One of the things I firmly believe is that changed lives change lives. The greater work that God does in someone’s life, the greater the desire is to tell others. In Luke 7, Jesus was eating at the house of a religious leader. A woman in town, who had lived a sinful life, heard that Jesus was there. She grabbed an alabaster jar of oil and went to see Him. When she came into the house, she began to weep. She then bowed at His feet and wiped the tears off of them with her hair. She then poured the perfume on them as everyone in the house just watched.
The religious leader began to doubt who Jesus was. Luke 7:39 says, “When the Pharisee saw this, he said to himself, ‘If this man really were a prophet, he would know who this woman is who is touching him; he would know what kind of sinful life she lives!’” (GNB). Jesus spoke up and offered a situation to him. He told of two men who owed the same person money. One person owed 500 and the other 50. Neither had the ability to pay off their debt. The debtor forgave both debts. Then Jesus asked, “Which one, then, will love him more?”
Jesus’ point was that those who are forgiven of more sins, love Him more. Those who experience a greater change in their lives show more gratitude. They had a bigger debt that was canceled than those who were raised in church and never lived a life full of sin. Both types of lives are changed when they receive Jesus as their savior and both have an obligation from that point on to help lead others to the One who can change lives. He more change we experience at salvation, the more we are compelled by love to help others.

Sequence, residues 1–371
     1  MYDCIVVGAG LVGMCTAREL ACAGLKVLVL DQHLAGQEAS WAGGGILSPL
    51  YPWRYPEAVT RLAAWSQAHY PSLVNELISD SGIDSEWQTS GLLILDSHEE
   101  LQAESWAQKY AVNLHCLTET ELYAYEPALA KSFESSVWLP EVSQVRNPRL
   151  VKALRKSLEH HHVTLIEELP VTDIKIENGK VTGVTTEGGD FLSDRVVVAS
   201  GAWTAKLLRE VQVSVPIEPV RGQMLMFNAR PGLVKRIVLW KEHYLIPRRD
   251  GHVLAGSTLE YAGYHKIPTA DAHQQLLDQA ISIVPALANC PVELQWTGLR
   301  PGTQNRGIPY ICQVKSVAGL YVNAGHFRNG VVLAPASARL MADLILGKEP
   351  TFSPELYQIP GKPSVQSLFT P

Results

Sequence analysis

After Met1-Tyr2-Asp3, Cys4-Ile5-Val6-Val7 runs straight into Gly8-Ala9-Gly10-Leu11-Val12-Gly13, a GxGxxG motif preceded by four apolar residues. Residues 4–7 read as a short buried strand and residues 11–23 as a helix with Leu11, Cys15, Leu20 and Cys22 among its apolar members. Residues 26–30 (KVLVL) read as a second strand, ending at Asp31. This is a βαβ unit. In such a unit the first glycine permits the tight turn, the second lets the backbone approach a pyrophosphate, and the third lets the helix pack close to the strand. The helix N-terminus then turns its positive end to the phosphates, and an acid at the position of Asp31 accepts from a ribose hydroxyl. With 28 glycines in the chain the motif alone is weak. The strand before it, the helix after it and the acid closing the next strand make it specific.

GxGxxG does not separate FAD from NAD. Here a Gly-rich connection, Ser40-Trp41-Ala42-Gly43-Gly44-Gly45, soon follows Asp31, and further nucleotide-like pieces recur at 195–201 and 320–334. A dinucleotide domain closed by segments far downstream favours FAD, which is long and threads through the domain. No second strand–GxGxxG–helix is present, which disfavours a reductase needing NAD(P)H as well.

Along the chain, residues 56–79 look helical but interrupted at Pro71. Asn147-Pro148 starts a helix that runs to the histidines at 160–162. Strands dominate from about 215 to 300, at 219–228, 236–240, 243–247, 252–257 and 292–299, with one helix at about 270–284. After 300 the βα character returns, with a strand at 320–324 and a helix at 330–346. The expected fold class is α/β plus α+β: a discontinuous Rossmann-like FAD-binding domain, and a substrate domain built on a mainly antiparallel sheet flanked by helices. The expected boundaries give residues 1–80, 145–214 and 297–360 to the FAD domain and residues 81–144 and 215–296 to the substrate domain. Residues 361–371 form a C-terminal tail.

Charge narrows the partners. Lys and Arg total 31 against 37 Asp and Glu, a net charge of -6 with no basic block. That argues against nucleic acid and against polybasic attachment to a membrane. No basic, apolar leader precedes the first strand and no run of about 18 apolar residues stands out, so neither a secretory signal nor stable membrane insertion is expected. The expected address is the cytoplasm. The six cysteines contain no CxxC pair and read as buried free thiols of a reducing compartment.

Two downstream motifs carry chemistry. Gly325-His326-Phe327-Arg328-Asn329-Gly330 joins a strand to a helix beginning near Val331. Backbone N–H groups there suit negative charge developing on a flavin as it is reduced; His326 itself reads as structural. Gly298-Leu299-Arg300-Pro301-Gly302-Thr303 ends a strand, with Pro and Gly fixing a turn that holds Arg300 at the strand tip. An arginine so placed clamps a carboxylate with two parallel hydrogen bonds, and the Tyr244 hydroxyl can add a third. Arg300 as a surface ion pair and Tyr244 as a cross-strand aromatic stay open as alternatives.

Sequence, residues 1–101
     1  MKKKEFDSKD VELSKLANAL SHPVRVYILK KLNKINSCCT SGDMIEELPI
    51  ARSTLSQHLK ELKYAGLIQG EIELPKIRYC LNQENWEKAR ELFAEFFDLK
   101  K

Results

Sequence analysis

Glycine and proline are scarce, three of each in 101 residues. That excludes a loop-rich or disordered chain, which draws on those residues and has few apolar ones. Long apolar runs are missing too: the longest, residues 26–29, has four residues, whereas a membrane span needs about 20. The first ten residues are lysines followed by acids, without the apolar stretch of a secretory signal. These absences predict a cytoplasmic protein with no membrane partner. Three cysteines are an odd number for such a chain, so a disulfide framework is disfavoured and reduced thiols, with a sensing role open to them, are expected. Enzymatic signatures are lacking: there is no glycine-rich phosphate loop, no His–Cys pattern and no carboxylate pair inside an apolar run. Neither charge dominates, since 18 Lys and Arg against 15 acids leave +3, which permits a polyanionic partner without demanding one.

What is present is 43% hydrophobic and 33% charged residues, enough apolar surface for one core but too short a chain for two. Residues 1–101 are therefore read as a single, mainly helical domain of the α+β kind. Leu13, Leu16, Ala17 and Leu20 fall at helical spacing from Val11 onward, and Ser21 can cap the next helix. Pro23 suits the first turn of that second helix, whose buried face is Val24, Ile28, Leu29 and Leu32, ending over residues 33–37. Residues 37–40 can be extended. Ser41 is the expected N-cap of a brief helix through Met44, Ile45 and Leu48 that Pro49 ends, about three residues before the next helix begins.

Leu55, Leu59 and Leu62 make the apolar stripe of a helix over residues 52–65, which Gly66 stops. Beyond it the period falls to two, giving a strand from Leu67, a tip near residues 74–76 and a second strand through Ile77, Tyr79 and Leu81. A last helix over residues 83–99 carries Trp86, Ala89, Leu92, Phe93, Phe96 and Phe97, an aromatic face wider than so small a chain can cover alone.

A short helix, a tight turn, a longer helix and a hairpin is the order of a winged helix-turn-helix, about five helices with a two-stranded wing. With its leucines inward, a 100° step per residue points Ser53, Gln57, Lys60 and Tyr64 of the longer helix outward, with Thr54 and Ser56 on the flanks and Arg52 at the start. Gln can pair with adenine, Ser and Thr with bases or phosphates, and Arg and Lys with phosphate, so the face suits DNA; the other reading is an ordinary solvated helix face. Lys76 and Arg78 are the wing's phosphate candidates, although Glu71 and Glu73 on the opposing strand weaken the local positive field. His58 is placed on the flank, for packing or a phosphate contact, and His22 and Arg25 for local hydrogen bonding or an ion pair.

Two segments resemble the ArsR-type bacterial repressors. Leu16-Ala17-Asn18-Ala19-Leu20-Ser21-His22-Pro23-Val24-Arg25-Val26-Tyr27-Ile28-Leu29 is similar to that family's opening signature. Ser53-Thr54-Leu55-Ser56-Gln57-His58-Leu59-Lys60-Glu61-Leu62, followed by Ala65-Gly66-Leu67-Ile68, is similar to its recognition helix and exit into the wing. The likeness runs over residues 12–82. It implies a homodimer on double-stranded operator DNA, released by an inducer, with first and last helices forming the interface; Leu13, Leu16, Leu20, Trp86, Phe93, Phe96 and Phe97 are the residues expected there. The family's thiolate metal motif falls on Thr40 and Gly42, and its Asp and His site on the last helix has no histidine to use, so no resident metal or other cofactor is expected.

To demonstrate this, Jesus then showed a comparison between this woman’s actions and the religious leader’s actions. He told how the religious leader hasn’t provided water to wash Jesus’ feet, but this woman hasn’t stopped washing them with her tears. He also didn’t greet Jesus with a kiss, and this woman hasn’t stopped kissing Him. Then in Luke 7:47, Jesus said, “I tell you, then, the great love she has shown proves that her many sins have been forgiven. But whoever has been forgiven little shows only a little love.”
The greater the change God makes in your life, the more natural it is for you to want to change other’s lives. The great news is that if you’re a Christian, God has changed your life and you have the ability to now tell others what God has done for you. When you share your story of redemption with others, you open the door for their life to be changed. The more lives that are changed by God’s love, the more people we will have out there changing other people lives. The cycle of change starts with you and me.